The process of political radicalization in Syria was initiated during the era of the French mandate, the legacy of which was almost a guarantee of Syria's political instability. Discuss

Published: February 19, 2017

Mandate system is a system in which the governing country acts as a trustee until the inhabitant country would be able to stand up on their own. At that time mandate would be terminated and an independent state would be born.
As part of Ottoman empire Syria did not exist as an entity and was more commonly referred to as “Greater Syria,” “Geographical Syria,” or “Natural Syria,” which was actually comprised of Jordan, Israel/Palestine, Lebanon, and modern day Syria. At San Remo conference (1920) post WW-I, a resolution was passed through which Great Britain and France agreed to recognize the provisional independence of Syria and Mesopotamia, while claiming mandates for their administration.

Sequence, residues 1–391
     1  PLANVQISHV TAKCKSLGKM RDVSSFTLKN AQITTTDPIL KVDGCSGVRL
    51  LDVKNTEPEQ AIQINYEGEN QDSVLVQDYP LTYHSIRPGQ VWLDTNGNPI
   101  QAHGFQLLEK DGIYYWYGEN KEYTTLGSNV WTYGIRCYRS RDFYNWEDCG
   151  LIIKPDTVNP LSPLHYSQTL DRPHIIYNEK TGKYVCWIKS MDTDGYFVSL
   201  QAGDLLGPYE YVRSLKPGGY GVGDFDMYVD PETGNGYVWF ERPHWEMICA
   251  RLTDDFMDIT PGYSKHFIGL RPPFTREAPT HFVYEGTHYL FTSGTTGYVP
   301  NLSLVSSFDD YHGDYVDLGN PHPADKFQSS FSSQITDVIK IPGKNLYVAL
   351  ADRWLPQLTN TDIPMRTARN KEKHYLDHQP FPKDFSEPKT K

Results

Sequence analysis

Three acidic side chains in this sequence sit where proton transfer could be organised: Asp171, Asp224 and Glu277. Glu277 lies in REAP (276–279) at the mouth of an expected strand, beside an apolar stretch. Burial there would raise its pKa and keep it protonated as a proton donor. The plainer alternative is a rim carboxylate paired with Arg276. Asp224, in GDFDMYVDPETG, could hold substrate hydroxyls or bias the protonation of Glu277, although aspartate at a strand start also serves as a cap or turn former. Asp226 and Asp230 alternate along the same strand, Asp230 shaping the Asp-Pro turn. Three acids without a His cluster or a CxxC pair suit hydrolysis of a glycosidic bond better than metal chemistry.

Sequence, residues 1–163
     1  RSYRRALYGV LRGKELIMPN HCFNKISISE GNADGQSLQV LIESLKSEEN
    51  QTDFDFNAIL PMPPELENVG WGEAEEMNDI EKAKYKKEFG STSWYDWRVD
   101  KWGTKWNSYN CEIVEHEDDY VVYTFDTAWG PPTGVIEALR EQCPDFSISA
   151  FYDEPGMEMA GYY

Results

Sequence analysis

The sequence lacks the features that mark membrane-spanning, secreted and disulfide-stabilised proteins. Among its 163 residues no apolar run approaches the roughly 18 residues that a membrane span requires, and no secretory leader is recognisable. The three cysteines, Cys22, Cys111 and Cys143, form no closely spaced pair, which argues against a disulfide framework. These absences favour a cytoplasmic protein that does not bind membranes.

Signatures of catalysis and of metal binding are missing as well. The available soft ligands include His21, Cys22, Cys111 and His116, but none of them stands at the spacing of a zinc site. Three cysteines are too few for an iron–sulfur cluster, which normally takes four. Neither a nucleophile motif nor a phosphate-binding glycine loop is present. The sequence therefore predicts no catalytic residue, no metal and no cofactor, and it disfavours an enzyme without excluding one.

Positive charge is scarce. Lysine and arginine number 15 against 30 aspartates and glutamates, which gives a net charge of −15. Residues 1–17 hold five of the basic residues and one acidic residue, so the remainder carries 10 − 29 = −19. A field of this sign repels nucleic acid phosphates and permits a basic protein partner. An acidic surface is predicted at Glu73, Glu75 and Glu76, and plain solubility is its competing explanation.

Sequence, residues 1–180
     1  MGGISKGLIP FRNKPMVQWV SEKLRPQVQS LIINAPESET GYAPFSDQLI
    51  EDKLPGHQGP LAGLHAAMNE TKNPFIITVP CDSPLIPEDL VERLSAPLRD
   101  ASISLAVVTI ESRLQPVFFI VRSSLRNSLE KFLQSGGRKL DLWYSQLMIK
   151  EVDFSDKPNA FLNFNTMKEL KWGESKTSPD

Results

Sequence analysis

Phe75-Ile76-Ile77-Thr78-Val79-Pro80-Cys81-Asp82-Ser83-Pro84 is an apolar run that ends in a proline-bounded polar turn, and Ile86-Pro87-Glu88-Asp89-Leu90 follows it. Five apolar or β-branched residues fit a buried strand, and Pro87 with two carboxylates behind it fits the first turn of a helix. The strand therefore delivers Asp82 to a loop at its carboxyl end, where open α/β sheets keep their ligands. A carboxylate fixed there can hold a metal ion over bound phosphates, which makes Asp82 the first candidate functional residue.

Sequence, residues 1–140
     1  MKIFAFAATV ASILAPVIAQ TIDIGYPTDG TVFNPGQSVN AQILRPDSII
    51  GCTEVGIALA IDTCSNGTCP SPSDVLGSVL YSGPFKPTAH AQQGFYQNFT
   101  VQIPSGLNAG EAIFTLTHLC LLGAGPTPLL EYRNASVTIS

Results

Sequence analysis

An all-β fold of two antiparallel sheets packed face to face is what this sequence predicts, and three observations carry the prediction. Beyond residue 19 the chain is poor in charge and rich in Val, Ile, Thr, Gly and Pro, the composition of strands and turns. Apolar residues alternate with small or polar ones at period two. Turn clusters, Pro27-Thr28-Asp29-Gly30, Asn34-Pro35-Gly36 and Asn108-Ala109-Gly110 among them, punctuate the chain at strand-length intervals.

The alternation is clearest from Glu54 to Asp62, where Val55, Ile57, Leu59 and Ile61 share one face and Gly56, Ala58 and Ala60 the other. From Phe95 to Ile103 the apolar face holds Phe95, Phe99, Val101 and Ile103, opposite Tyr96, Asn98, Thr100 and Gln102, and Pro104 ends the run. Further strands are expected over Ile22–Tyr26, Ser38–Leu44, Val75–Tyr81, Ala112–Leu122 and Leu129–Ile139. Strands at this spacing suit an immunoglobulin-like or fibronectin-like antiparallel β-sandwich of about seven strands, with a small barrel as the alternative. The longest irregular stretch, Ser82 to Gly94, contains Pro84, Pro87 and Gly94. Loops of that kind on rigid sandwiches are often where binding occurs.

However, to take full control over Syria , France relied on a divide and rule strategy to undermine nationalism by separating people along sectarian and religious line. This strategy involved dividing Syria into segments to block any chance at an overriding sense of nationalism. Hence, minority consciousness, reinforced by a combination of geography, religious differences, communal segregation and regional separatism, had a damaging impact on Syrian political life even long after the mandate system. Hence Political upheaval and instability were the dominant political feature of Syria until Assads came to power.

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